Although camera trapping is highly reliable, this direct method is not efficient because it is time consuming and costly, making cameras difficult to deploy. In this study, we used a species identification tool using DNA isolated from pellet samples in order to corroborate the occurrence of the volcano rabbit in the Nevado de Toluca. This non-invasive method has been accomplished for several mammalian species, including rabbits (Waits and Paetkau 2005; Adams et al. 2011).

During June to October 2018, we conducted an exhaustive search for pellets of R. diazi in 120 sites in the Nevado de Toluca where we had previously identified the presence of bunchgrasses through the analysis of Sentinel 2 satellite images (Figure 1). It was possible to collect 77 pellet samples with similar characteristics to those of the volcano rabbit in only 15 sites. The pellets were put in plastic bags, transported on ice to the laboratory, and stored at -20 oC prior to DNA extraction.

We attempted to isolate total genomic DNA for all 77 samples with the “ZR Fecal DNA MiniPrep” kit (Zymo research, Irvine, CA, U.S.A.), following manufacturer’s instructions, however 17 samples failed to yield quantifiable DNA. Two approaches were then implemented to assess the species identity of the 60 samples that yielded DNA. In the first one, we used the PCR technique as an identification tool of DNA isolated from putative volcano rabbit pellets using a combination of primers that only amplify a 467 base pair fragment of the cytochrome b gene for R. diazi (see Osuna et al. 2020 for details of primers used). Each PCR reaction contained 1 µl of each 10 µM primer, 12.5 µl of PCR master mix 2X (Promega), 4 µl of DNA extract and 6.5 µl of bidistilled water. PCR amplification was performed in an Eppendorf thermocycler using the following program: a first step of 5 min at 94 oC followed by 34 cycles of 1min at 94 oC, 35 sec at 50 oC, and 40 sec at 72 oC, and a final extension of 10 min at 72 oC. We included two positive controls in all PCR amplification tests. One was obtained from extracted DNA from liver tissue of a road-killed volcano rabbit collected in National Park Iztaccíhuatl-Popocatépetl and the second one was from DNA extracted from a fecal sample of R. diazi collected in the locality of Coajomulco, Morelos. These controls had similar conditions (DNA quality and quantity) with respect to the rest of the DNA samples. Negative controls (no template added) were also included to monitor for contamination. All PCR products (25 µl each sample) were checked on 2.0 % agarose gel electrophoresis to confirm the amplification of the desired product.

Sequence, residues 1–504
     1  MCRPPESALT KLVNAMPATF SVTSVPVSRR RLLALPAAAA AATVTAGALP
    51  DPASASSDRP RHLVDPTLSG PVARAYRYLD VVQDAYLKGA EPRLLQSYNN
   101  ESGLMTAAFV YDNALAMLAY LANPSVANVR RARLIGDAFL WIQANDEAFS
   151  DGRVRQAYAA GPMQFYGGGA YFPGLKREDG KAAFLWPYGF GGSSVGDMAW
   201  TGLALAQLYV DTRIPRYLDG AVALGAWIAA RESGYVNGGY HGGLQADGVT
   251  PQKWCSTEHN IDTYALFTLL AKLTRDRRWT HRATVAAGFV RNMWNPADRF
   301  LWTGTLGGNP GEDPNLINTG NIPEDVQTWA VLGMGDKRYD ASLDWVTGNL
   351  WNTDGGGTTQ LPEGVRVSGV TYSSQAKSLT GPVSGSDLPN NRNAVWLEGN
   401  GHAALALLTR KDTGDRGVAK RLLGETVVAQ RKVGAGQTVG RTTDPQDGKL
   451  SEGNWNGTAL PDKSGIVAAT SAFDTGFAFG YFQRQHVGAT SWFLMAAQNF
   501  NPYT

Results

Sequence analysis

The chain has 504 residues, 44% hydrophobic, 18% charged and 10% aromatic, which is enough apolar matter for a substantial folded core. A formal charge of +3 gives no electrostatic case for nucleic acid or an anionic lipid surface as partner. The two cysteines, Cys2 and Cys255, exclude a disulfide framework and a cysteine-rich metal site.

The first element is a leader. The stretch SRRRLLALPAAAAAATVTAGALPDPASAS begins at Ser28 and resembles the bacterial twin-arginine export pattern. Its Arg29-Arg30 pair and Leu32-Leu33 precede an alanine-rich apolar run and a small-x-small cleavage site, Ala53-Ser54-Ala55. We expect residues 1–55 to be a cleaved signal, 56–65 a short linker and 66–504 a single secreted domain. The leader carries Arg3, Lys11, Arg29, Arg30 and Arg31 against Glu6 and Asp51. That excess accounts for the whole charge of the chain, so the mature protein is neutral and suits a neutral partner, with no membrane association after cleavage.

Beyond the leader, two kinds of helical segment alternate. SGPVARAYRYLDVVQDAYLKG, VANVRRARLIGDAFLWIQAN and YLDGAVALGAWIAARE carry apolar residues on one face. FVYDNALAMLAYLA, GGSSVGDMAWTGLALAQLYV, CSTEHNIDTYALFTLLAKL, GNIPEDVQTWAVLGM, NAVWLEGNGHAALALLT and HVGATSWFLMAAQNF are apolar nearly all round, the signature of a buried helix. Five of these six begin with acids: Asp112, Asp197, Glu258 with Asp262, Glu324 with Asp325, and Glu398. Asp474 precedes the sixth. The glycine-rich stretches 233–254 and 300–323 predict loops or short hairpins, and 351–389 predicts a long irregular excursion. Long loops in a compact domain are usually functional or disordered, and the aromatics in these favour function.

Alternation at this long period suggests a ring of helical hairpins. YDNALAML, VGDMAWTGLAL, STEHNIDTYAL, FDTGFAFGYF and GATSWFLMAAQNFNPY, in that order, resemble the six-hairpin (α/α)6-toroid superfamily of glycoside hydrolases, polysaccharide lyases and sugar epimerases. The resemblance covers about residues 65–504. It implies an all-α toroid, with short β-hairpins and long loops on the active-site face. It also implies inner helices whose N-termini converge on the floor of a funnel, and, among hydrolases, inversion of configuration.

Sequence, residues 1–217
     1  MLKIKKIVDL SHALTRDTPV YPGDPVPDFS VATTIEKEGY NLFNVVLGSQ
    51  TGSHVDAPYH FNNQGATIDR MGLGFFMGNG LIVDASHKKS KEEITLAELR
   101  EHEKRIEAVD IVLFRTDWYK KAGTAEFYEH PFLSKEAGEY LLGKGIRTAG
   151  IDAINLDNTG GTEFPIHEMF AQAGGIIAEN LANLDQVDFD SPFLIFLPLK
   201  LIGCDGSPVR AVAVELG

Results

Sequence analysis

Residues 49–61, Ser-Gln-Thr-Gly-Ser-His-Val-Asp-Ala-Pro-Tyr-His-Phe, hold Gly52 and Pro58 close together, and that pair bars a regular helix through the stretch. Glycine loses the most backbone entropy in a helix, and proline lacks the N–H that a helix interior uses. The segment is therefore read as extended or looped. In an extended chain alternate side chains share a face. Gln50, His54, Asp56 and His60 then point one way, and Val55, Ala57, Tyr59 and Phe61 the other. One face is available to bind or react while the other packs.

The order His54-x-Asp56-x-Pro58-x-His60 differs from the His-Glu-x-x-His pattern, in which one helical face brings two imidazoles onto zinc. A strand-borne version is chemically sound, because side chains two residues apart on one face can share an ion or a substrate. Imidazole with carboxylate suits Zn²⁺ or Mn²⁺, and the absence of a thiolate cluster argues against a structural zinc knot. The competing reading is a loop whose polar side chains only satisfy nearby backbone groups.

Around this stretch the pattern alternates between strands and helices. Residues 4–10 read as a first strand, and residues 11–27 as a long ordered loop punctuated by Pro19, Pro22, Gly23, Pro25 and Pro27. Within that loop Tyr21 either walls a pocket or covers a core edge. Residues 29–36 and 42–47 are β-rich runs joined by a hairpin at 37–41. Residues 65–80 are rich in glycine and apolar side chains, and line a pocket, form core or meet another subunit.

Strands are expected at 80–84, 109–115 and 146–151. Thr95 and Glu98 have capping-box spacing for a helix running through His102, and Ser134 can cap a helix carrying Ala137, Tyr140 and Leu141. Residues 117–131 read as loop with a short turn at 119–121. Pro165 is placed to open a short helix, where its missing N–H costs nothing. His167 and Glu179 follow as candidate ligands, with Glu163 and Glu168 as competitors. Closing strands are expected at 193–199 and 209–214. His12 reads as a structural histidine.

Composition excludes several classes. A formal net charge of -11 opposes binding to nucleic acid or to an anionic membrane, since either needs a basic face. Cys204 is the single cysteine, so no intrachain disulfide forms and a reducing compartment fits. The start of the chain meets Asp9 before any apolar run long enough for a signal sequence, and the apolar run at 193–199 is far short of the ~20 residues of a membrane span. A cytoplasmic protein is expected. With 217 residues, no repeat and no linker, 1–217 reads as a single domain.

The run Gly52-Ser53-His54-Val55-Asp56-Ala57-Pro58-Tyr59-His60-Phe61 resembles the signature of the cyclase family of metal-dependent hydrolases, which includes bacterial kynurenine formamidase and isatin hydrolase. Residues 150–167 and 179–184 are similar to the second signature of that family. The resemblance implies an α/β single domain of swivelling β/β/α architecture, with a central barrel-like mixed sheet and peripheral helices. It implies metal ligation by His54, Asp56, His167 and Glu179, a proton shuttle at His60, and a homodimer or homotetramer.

In the second approach, we amplified and sequenced a 418 base pairs fragment of the control region (D-Loop) in 17 samples that yielded DNA of adequate quality using the primers Pro1 5´-CCACCATCAGCACCCAAAGCT-3 (Mougle 1997) y NC4 5´-AAGAATGGAGTCCCGGTA-3 (Ramírez 2009). PCR and sequencing conditions were described in detail by Osuna et al. (2020). Bidirectional sequence reactions were read with a 3500xl genetic analyzer (Life Technology) at the Laboratory of Genomic Sequencing of Biodiversity and Health at the Instituto de Biología, UNAM. The sequences were inspected to correct reading mistakes or ambiguities and aligned with the software Bioedit 7.2.1 (Hall 1999). From the 17 sequenced samples, we obtained only four different haplotypes, which were included in a data matrix containing 31 D-Loop sequences of volcano rabbit obtained from Osuna et al. (2020). In addition, we downloaded homologous D-Loop sequences from GeneBank of Sylvilagus floridanus (accession number KC923350) and one of Lepus californicus (accession number KJ397614) as outgroup. With this matrix, we performed a phylogenetic analysis with the Bayesian inference method using the program MrBayes 3.2.6 (Ronquist et al. 2011). The program was run for 1 x 107 generations sampling every 10,000 generations and applying a burn-in of 10 %. The molecular evolution model was selected in the program JModelTest 2.1.7 (Posada 2008) using the Akaike information criterion.